Tuesday, January 31, 2023

A Review of "Cure: New Orleans Drinks and How to Mix ’Em"


What Marseilles is to the Mediterranean, New Orleans is to the Caribbean, a savory meeting place where countries and cultures, priests and pirates, hopeful and hucksters mix daringly and delightfully. It would be easy to call New Orleans the ultimate melting pot, but it’s probably more fitting to think of it as a cocktail shaker, given its long association with drink culture. So, who better to take us on a tipsy tour of the town than Neal Bodenheimer, founder of the James Beard Award-winning bar Cure? Heck he’s even co-chair of the Crescent City-based Tales of the Cocktail Foundation. (To produce this book he was ably assisted by longtime food and drink writer Emily Timberlake.) 

 Obviously the bulk of Cure: New Orleans Drinks and How to Mix ’Em (Abrams) is recipes, each one sounding more quaffable than the next, but one also may read the gorgeously photographed volume both as a guidebook and a history of the myriad ways the mercantile impulse charted cocktail history. For instance, in his Sours chapter Bodenheimer tells the tale of the effects of the Italian lemon trade in New Orleans—he asserts that by 1884 they were New Orleans’s third most valuable imported commodity, behind only coffee and sugar. How could a Brandy Crusta not have happened, with its horse’s neck lemon twist prominent inside the glass? And while Bodenheimer himself isn’t the biggest fan of that drink, he has to tip his cap to its more pleasing offspring, including the margarita and sidecar.

Want to read the rest then do so at the California Review of Books.

Sunday, January 22, 2023

The Mousse That Baaa-ed: Black Sheep Is Back

Since closing down on September 4 at its longtime Ortega Street location, the Black Sheep has been reborn on Cota Street a mere three months later. In addition to the location change, it's now officially The Black Sheep, SB Brasserie, which is fitting as the new location was for two decades the home of one of Santa Barbara's legendary restaurants, Mousse Odile. Co-owner, GM, maitre-d Ruben Perez definitely hopes to invoke the French spirit of the spot, offering coq au vin and cassoulet and more, but with a definite Santa Barbara, contemporary twist. He found a great partner in the endeavor, chef Jake Reimer, who has done the high end executive chef for restaurant groups and the private chef gig, among others, but seems very happy to have fun with Santa Barbara produce and seafood.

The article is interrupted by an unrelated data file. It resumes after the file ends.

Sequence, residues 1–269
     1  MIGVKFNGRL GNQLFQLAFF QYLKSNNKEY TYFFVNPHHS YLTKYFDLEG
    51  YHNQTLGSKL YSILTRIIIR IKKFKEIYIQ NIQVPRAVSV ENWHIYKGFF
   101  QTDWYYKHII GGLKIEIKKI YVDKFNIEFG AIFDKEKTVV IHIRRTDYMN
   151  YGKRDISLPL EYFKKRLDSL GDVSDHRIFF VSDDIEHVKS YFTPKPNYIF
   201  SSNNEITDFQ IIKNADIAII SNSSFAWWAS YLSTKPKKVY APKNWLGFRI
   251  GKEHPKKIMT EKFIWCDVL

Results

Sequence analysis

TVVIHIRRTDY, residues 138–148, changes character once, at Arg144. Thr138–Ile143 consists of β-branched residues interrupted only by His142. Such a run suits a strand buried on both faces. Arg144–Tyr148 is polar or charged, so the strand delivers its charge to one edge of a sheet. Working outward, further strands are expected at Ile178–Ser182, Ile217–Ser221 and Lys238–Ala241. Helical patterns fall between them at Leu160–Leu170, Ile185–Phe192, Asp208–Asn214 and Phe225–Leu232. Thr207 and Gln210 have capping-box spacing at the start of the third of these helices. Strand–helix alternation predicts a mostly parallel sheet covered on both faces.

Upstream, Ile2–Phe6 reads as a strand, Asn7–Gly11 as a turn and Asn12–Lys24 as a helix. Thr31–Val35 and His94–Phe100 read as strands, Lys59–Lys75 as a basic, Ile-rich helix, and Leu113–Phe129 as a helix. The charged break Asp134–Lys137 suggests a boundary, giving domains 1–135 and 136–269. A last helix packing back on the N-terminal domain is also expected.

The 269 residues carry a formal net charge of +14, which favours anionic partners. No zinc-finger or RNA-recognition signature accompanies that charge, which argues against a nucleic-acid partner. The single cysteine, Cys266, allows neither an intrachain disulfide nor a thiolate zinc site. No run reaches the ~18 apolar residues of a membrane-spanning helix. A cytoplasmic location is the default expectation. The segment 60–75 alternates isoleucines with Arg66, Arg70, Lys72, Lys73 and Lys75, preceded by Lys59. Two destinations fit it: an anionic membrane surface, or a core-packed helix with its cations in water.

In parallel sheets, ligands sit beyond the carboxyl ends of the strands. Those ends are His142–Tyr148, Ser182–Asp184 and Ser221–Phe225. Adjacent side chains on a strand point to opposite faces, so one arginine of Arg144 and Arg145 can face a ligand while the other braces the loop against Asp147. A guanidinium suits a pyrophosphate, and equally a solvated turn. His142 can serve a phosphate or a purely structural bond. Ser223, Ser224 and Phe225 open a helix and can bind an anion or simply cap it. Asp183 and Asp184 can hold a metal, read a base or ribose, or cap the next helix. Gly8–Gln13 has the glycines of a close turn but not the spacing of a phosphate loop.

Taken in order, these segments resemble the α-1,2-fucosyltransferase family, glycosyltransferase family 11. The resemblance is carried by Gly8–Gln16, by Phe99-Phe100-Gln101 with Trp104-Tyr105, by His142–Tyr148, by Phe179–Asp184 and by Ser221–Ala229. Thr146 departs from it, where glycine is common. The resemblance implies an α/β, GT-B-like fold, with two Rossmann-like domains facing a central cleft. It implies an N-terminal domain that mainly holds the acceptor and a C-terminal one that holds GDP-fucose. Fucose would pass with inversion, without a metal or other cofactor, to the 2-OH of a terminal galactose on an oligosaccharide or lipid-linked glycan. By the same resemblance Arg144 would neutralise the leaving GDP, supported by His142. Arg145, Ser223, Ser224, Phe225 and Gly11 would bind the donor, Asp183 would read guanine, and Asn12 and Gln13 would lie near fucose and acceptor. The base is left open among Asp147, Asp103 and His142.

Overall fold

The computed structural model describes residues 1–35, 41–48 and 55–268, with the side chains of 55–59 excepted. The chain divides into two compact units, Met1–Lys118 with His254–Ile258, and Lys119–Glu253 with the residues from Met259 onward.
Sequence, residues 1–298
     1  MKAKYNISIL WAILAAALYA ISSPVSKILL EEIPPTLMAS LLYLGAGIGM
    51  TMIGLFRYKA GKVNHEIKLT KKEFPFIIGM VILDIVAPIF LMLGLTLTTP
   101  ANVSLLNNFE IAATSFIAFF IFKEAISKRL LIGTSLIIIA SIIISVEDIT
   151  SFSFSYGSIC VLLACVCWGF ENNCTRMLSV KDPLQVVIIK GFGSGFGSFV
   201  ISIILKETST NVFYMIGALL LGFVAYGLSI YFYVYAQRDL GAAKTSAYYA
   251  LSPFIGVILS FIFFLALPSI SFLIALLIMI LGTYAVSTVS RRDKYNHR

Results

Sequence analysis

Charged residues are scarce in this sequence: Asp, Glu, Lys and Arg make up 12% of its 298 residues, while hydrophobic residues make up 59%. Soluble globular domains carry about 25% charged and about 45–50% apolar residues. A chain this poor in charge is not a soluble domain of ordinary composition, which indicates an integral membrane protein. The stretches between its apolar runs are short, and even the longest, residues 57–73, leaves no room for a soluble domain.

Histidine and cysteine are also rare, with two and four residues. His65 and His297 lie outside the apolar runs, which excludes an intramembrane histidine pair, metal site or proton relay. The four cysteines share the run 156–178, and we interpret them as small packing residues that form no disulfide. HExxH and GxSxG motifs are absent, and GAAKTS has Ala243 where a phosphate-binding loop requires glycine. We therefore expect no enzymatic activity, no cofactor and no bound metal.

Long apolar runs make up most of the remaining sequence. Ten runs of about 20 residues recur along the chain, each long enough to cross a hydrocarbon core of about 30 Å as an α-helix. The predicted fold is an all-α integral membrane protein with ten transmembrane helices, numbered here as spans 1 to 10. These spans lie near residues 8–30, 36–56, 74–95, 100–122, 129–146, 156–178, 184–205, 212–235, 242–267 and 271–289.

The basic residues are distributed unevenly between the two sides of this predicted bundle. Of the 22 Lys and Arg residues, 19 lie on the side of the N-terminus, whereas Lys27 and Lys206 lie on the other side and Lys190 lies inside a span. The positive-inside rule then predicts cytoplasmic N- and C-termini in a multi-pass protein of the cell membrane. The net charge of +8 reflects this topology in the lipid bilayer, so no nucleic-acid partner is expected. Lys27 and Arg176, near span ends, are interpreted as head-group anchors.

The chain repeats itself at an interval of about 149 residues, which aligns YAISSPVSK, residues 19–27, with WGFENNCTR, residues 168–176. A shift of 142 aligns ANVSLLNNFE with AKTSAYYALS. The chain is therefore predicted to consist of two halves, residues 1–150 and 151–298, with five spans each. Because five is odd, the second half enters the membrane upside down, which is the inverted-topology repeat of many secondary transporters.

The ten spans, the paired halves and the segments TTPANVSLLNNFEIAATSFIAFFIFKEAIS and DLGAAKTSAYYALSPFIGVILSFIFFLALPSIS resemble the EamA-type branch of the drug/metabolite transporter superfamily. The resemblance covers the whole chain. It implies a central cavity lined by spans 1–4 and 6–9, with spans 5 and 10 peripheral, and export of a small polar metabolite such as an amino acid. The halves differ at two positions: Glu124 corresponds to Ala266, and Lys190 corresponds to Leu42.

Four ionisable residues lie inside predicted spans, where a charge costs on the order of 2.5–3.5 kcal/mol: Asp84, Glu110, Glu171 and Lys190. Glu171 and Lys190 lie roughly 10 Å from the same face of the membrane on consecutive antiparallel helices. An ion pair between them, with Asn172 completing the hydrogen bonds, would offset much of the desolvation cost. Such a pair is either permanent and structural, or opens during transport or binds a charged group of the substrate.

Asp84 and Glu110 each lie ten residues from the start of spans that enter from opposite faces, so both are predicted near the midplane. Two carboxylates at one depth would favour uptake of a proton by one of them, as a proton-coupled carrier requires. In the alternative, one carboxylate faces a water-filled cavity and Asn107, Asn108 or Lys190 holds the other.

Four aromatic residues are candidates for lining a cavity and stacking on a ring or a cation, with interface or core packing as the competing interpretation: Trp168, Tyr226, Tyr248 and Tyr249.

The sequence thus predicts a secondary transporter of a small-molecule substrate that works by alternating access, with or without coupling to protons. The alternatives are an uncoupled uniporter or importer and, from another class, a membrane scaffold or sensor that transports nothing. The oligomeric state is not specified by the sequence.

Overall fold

We had the great fortune to be hosted for a culinary trip through permutations of the tasting menu they are already billing as "famous," which might not be conceited much as predictive. For everything we tasted rocked--vibrant flavors, thrilling freshness of both ingredients and concepts. So while I could go on and on about, say, the perfect steak frites, starting with the tender Entrecôte meat itself, and then a secret sauce that's got some anchovy in it but is otherwise vegetarian and rich and almost worth licking the plate to enjoy (luckily instead you have plenty of yummy handout fries), I won't.

I also won't talk about the reinvigorated creme brûlée, spanking the oft-tired dish back to life with a pinch of salt and what must be a fistful of Tahitian vanilla bean.

Nope, to focus, let's just talk about the three dishes that opened the meal and hit the table simultaneously. Above you see an essay in fishy contrasts, some lightly pickled sardines atop some sprouts atop some tuna you can't see, but it's confit and rich. Then there's a slice of baguette on the plate awash with a mustardy sauce. The contrasting textures and flavors kept your mouth alive to flavor's possibility.

Here's the evening's crudo--it's listed on the menu as d'jour, as it sort of has to be as it needs to be something just caught to sing. This one did a little aria, so might have crawled into the kitchen on its own. Well, if scallops crawled. Again, all the accents aren't just for show but push the dishing fascinating angles and richness without hiding the pleasing, starring salinity of the scallop.